• As floods occur, the reservoir first of all gets filled up, upto normal level.
  • At this time sluice outlets are discharging out water from the reservoir.
  • As level in the reservoir increases further, discharge through sluice ways also increases.
  • At certain level of reservoir, water also starts escaping through ungated spillways.
  • As the level of water further rises the discharge over spill ways also increases.
  • At some particular level a balance will be struck between the inflow and outflow of the reservoir.
  • At this time level of water in the reservoir will become stable.
  • This condition happens only when flood inflow in the reservoir is equal to the outflow from the reservoir.
  • Now when floods occurring recede, inflow in the reservoir will also decrease but the outflow is at the same maximum rate.
  • Hence flood water which had accumulated in the reservoir will now be slowly flowing out ofthe reservoir.
  • This reservoir has the following advantages over detention basin.

(a) Gates are not required to be provided at sluice ways and spillway crests.

(b) Since there are no gates at the spillways, chances of human error in opening the gates during floods cannot take place.

(c) Since water from the reservoir is driven out in few days after floods, the land during maximum floods remains submerged only temporarily.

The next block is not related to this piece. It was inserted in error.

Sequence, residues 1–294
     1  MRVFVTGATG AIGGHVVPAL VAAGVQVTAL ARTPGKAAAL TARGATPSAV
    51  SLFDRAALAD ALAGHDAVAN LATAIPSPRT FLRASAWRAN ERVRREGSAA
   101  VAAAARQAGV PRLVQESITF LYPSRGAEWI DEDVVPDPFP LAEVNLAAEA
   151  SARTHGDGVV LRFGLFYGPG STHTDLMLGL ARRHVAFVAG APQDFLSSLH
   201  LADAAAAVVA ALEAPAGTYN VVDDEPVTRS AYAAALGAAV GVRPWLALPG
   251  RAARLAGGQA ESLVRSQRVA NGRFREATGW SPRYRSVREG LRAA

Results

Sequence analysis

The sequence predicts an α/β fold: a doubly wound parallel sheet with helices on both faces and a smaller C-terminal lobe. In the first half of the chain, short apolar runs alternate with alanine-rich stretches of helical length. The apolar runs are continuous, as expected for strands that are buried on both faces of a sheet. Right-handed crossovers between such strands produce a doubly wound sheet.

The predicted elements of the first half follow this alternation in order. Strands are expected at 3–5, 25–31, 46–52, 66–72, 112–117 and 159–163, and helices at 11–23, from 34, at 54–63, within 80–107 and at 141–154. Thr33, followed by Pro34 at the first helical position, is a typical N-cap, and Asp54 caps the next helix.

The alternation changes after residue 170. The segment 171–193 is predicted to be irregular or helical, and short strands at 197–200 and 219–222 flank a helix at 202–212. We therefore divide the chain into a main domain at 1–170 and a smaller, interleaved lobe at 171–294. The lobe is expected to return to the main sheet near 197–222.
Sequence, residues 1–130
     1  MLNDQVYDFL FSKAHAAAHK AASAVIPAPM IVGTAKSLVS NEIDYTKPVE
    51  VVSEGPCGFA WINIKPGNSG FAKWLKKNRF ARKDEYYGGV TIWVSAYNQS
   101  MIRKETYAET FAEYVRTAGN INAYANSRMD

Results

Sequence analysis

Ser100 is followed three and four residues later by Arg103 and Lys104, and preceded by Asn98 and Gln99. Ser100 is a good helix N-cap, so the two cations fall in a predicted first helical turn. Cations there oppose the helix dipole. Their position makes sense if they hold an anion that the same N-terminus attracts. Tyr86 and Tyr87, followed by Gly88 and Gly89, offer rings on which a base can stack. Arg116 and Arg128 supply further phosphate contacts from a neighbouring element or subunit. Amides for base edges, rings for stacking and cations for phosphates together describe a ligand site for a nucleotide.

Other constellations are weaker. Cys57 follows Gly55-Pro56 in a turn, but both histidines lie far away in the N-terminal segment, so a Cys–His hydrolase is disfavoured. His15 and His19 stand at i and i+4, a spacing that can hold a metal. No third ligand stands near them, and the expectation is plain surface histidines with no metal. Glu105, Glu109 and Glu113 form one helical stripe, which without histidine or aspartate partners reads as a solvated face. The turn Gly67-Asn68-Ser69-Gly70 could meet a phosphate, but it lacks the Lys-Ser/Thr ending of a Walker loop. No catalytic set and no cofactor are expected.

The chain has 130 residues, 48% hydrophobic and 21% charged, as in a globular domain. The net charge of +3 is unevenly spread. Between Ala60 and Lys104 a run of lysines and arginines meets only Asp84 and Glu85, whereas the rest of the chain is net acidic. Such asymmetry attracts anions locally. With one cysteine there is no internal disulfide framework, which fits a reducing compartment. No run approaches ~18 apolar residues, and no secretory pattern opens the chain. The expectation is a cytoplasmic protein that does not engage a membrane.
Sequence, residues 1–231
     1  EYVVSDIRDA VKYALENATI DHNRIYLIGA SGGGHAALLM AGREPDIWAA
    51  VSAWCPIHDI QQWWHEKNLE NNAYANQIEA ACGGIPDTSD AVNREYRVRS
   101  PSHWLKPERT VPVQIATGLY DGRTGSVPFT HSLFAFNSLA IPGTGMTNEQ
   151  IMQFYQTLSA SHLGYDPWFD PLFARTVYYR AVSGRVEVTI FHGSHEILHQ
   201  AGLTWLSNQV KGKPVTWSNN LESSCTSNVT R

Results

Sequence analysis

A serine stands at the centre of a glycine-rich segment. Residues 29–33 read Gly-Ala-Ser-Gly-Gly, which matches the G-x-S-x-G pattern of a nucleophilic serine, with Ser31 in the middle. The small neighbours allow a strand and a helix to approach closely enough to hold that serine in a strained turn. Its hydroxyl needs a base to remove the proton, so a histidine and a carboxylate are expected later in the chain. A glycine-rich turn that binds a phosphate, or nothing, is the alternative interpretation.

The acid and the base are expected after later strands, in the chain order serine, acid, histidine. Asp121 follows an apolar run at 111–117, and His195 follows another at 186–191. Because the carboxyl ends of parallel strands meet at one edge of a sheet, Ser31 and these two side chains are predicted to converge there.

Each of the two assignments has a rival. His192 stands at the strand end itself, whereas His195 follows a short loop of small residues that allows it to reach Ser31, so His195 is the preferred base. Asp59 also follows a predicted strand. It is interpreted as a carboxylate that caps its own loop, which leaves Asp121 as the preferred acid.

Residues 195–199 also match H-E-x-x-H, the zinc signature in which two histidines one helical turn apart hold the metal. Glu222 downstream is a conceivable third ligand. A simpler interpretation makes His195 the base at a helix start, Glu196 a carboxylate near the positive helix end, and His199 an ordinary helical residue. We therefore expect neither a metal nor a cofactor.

• This submerged land can be used for growing very good crops.
  • But no habitation on this land should be allowed.
  • Retarding basins are preferred on small rivers.

3. Distribution Reservoir.

  • It is a small capacity reservoir which is mainly constructed to meet the water supply requirements of a particular city.
  • It is made of masonry or cement concrete and may be covered from the top.
  • This reservoir is filled by treated water at some constant rate.
  • Since demand of water remains fluctuating during the day, water may have to be drawn from this reservoir at times at rate much more than the inflow rate.
  • Hence these reservoirs allow pumping units and treatment units to work at predetermined constant rates.
  • During no demand or very little demand the water coming from treatment units and pump units goes on storing in the reservoir.
  • During peak demand this stored water from the reservoir is used to make up the required supplies.

4. Multipurpose Reservoirs.

  • The reservoir planned and designed keeping only one purpose in view is known as single-purpose reservoir.
  • Reservoir planned and designed keeping more than one purpose in view is called Multi purpose reservoir.
  • For example a reservoir designed to protect the downstream areas from floods and also to conserve water for irrigation, water-supply, hydroelectric purpose etc.
  • shall be called a Multi-purpose reservoir.
  • Bhakra Dam, Nagarjun Sagar Dam are the examples of important multi-purpose projects of India.